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Liberia Cultural Dances

 

Written by Diamonds for Peace Liberia Staff

As a part of normal life in Liberia, cultural dances are a heritage that Liberians follow and cherish dearly. Though dances vary from tribe to tribe and various regions, dance remains a common value to all Liberians. People sing and dance from time to time. Occasions that frequently stimulate dances range from wedding ceremonies, holiday celebrations, remarking the burial of the dead and the observation of traditional events like the Poro and Sandy societies. People also dance just for the pleasure it generates and to communicate major State and traditional messages.

 

When the Liberian government wants to give a very important message to all its citizens, the government uses the media as well as cultural troupes to get the message across. Cultural dances draw the attention of many persons causing them, in some cases, to suspend their work activities  to witness cultural dance performances whenever the sound of a sangba (drums) is heard. Discussion forums are also organized during and after cultural dance performances. During these events, different dramas are acted out portraying the information intended to be communicated. The dramas are then interpreted and the final message revealed. In this way government messages are directly received and clearly understood by the citizens. Epidemics like the Polio and Ebola Virus were combated on many fronts, cultural dance performances being one of them.

 

Cultural Dance

Liberians are passionate about their cultural dances; it is a proud heritage of the land. During important holidays and other events such as playing host to important guests, many different cultural troupes take to the street in recognition of these occasions. They perform in open street places and in communities to the pleasure of many persons. In response to their wonderful and entertaining performances, people give them money as appreciation. Beyond the physical talents the dancers display, there are also spiritual performances as well; to the disbelief of onlookers, there are many mysterious performances which can catch the attention of people and leave them to judge the possibility of what they have seen. I have personally witnessed a dancer cut off his tongue, eat over 2 kilograms of sand, and many more wonders. After all these performances, they are as normal as they were before the drama. These dance performances communicate important messages which prove that Liberia has a heritage that needs to be preserved.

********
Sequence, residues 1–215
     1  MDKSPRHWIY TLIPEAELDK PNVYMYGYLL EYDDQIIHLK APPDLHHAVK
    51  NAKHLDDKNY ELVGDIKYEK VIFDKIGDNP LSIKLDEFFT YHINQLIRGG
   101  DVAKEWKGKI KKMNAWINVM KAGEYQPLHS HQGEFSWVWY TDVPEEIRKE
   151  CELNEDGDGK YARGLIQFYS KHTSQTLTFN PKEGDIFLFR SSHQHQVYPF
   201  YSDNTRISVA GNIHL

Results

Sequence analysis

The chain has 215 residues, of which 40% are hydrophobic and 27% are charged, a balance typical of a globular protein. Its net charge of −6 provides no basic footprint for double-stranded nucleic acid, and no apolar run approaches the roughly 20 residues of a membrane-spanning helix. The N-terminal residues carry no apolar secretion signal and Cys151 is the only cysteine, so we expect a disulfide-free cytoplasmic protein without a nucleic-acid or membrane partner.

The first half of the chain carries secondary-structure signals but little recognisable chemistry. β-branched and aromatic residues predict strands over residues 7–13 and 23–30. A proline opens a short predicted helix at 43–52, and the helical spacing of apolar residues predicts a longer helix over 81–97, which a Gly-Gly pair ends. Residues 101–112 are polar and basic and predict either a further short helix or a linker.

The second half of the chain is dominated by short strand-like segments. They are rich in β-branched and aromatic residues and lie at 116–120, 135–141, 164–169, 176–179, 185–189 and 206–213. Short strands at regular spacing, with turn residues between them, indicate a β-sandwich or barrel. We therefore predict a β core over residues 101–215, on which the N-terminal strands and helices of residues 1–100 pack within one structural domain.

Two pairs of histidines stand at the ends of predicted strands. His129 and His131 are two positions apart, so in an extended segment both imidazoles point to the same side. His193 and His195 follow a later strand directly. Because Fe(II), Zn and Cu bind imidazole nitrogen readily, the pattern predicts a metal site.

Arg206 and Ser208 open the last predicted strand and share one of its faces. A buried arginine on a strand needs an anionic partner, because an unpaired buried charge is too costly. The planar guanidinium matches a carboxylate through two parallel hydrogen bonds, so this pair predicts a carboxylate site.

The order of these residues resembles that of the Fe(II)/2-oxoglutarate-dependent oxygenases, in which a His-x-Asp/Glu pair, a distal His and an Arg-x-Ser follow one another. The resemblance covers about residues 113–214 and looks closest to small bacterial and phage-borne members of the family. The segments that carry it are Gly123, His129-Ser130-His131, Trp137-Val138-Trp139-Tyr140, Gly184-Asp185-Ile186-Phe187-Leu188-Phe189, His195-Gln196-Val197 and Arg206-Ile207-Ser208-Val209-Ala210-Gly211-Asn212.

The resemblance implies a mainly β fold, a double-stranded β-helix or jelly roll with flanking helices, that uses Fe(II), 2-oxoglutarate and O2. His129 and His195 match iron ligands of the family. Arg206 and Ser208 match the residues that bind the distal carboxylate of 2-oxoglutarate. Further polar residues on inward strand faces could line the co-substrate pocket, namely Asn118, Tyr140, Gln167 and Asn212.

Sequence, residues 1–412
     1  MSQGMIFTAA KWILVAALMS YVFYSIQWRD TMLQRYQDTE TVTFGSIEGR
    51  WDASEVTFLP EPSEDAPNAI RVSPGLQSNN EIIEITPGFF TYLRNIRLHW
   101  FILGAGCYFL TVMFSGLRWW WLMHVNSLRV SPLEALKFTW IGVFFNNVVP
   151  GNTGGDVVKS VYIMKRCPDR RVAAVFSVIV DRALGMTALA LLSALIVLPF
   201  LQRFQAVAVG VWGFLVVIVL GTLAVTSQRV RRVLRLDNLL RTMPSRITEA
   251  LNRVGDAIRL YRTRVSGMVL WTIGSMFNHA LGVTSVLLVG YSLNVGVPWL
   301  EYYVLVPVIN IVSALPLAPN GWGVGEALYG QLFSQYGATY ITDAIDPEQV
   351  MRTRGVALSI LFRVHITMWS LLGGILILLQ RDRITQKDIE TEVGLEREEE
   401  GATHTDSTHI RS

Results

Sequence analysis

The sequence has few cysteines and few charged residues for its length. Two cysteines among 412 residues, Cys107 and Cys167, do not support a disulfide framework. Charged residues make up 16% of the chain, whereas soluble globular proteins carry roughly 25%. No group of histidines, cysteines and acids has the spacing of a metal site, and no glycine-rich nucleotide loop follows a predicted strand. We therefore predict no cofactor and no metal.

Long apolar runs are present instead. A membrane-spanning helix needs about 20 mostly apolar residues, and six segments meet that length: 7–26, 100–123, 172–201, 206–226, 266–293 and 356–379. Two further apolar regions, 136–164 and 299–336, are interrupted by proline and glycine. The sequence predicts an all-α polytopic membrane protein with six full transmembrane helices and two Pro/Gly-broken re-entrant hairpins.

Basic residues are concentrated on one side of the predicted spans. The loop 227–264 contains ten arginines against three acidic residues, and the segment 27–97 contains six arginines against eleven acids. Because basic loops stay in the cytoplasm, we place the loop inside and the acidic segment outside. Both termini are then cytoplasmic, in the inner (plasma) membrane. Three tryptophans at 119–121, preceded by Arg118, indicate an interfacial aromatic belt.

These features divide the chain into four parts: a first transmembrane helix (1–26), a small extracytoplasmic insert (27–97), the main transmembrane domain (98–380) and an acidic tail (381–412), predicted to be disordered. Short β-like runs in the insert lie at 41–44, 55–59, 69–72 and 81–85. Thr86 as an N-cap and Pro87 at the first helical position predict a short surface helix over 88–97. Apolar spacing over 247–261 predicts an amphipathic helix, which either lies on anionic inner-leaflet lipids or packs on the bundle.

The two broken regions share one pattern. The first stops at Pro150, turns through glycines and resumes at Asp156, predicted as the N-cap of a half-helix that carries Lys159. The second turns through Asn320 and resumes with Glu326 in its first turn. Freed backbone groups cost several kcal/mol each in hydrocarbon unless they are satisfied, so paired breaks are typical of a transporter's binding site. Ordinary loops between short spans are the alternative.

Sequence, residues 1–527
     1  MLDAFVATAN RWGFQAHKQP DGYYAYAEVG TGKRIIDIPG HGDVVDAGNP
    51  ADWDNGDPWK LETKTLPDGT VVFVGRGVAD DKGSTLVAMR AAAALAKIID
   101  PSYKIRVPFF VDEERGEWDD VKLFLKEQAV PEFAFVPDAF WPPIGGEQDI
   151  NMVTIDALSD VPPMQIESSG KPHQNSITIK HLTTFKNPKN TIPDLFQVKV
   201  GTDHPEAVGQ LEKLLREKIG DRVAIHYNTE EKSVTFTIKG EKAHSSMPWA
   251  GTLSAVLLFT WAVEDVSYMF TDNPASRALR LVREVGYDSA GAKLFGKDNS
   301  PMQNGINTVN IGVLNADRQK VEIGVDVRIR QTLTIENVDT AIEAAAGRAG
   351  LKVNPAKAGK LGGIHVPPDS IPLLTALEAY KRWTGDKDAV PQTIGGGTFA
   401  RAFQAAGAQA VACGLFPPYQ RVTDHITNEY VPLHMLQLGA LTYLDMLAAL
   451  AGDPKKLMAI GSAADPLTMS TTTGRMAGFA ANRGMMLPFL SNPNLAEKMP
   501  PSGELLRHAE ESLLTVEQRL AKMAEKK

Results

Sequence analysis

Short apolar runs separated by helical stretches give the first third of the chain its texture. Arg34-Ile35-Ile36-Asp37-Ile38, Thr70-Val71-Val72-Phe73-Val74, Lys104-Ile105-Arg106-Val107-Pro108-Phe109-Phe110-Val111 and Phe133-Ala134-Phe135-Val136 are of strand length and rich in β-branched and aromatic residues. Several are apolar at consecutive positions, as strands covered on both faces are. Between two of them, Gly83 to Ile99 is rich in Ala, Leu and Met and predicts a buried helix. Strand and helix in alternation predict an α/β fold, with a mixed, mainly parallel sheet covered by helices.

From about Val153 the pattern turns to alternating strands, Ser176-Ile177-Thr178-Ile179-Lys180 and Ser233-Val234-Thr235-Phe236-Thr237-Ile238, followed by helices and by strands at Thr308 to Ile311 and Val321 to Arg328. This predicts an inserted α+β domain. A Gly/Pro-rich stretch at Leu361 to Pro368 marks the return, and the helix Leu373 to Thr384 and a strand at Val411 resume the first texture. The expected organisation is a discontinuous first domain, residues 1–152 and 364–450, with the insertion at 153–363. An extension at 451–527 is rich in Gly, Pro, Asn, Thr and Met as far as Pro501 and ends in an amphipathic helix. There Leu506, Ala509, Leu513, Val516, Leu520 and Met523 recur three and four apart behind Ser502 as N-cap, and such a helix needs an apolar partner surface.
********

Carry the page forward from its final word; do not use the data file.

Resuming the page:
Culture dancers perform a dance drama during civic voter education campaign exercise. The drama portray, symbolizes “In unity many great things are achievable” Photo by Courtesy of Darius Weamie

 

however, these dances vary per tribes and region.  The Poro and Sandy traditional festive activities are common practices across Liberia. The Poro is to the men while the Sandy is to the women. During the poro festive activities, young men are taken into the poro bush where they stay for many months without coming to town or seeing the face of any woman. There in the poro bush they learn the cultural values and norms of men. The women on the other hand, do the same with the Sandy. These activities are both heavily characterized by lots of singing and dancing throughout the period of these festivals.